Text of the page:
Unrealized Business Potential
“Opportunity is where you find it,” not where it finds you.
Luck, chance and catastrophe affect business as they do all human endeavors. But luck never built a business. Prosperity and growth come only to the business that systematically finds and exploits its potential. No matter how successfully a business organizes itself for the challenges and opportunities of the present, it will still be far below its optimum performance. Its potential is always greater than its realized actuality.
Dangers and weaknesses indicate where to look for business potential. To convert them from problems into opportunities brings extraordinary returns. Opportunities have to be reflected against the experience of a company and against its past success and failures. Sometimes all that is needed to accomplish this transformation is a change in the attitude of the executives. Three questions will bring out the hidden potential of a business:
- What are the restraints and limitations that make the business vulnerable?
- What are the imbalances of the business?
- What are we afraid of, what do we see as a threat to this business – and how can we use it as an opportunity?
Finding Opportunities in Vulnerabilities
Finding and realizing the potential of a business is psychologically difficult.
Finding and realizing the potential of a business is psychologically difficult. It will always be opposed from within because it means breaking with old, established habits. It often means giving up the very skill people are product of. To fight the threat, to manage an imbalance, and above all to make a process efficient despite its inherent weaknesses, requires great effort.
Searching for the potential of opportunity in a company’s vulnerabilities, limitations, and weaknesses is therefore likely to be resented by its most accomplished people as a direct attack on their position, pride, and power. This is the reason why the opportunities are often not realized by the industry leaders but by people on or near the outside. That this area is difficult, both objectively and psychologically, only means that businesses have to work hard at it and that managements have to stress it heavily.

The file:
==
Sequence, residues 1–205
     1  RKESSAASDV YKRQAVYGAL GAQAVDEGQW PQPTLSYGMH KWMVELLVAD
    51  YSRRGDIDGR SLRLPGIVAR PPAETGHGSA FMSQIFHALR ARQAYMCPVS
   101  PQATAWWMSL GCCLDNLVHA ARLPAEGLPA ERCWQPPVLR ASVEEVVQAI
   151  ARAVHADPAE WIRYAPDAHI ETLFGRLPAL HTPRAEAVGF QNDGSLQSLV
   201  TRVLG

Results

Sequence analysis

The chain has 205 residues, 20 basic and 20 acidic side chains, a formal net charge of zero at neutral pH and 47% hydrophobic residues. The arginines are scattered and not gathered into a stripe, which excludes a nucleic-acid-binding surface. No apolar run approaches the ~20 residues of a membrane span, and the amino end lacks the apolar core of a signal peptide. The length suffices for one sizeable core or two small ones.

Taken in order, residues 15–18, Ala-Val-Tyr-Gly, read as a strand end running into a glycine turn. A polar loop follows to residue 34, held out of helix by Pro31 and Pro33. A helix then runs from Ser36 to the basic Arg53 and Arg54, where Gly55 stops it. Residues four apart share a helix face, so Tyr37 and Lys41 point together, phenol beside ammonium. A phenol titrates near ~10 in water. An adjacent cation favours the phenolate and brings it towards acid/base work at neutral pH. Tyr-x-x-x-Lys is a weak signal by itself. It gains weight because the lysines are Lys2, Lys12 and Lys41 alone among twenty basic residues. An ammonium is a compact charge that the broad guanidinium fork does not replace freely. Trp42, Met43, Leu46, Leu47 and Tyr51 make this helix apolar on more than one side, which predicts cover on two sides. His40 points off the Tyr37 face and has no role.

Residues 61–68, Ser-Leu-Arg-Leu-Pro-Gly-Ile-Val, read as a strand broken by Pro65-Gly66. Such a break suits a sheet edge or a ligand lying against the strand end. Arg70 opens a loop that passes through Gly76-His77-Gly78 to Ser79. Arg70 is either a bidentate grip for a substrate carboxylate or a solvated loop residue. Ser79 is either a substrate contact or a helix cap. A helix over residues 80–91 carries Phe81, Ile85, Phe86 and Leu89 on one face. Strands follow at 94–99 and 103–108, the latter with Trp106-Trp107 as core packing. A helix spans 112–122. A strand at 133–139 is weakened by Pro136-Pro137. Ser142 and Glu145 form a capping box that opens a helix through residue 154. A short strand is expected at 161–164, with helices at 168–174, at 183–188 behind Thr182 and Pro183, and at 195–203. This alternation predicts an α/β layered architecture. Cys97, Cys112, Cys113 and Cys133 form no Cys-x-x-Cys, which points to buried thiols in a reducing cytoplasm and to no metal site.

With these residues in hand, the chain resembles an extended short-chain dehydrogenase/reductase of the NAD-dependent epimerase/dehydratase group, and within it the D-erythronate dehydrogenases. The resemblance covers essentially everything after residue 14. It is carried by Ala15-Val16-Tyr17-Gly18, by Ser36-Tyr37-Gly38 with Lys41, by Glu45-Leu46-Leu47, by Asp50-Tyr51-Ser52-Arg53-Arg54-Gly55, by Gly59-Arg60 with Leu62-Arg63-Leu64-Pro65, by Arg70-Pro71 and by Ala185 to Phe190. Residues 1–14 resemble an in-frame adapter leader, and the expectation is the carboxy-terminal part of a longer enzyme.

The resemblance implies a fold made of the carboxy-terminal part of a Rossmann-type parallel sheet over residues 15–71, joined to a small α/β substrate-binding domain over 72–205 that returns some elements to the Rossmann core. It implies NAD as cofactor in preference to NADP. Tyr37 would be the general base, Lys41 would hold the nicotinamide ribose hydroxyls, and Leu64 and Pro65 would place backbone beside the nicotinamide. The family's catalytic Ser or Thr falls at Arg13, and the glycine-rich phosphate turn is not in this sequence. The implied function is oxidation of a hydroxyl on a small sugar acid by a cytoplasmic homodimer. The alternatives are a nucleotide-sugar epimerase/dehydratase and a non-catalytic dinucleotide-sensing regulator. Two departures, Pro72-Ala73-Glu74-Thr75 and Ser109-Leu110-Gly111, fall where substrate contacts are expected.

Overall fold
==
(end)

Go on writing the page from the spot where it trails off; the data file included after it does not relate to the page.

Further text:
Hitting Them Where They Aren’t
“Hitting them where they aren’t” outflanks the by creative imitation.
Here, the innovator doesn’t create a major new product or service. Instead, it takes something just created by somebody else and improves upon it. This is imitation. But it is creative imitation because the innovator reworks the new product or service to better satisfy customers’ wants and needs. Once the innovator succeeds in creating what customers want, it can achieve leadership and take control of the market.
The prefect example is how IBM became the leading producer of PCs in the 1970s. Apple invented the PC. When the Apple appeared, it was an instant sensation. IBM set to work to outflank the Apple. It asked, “What are Apple’s shortcomings?” Within eighteen months IBM had on the market a PC that did everything the PC customers needed and wanted but had what the Apple lacked: software. And within another year IBM’s PC had become the market leader worldwide; it held that position for more than ten years. And Apple had become marginal. It almost went under and only turned itself around into a respectable niche player twenty-odd years later, in the late 1990s.
Entrepreneurial Judo turns what the market leaders consider their strengths into the very weaknesses that defeat them.
The Japanese Judo master looks for the strength that is his opponent’s pride and joy. He assumes, and does so with high probability, that the opponent bases his strategy in every fight. And then the judo master figures out where this continuing reliance on a particular strength leaves the opponent vulnerable and undefended. Then he turns his opponent’s strength into the opponent’s fatal weakness that defeats the opponent.
Businesses, like judo fighters, tend to become set in their behaviors. And then Entrepreneurial Judo turns what the market leaders consider their strengths into the very weaknesses that defeat them. For example, the Japanese became the leaders in one American market after the other: first in copiers, then in machine tools, then in consumer electronics, then in automobiles, and then in fax machines. The strategy was always the same. They turned what the Americans considered their strength into a weakness that defeated the American companies. The American saw high profitability as their greatest strength. And thus they focused on the high end of the market and left the mass market undersupplied and underserviced. The Japanese moved in with low-cost products with minimum features. The Americans didn’t even try to fight them. But when the Japanese had taken over the mass market they had the cash flow to move in on the high-end market, too. And they soon came to dominate both the mass market and the high-end market.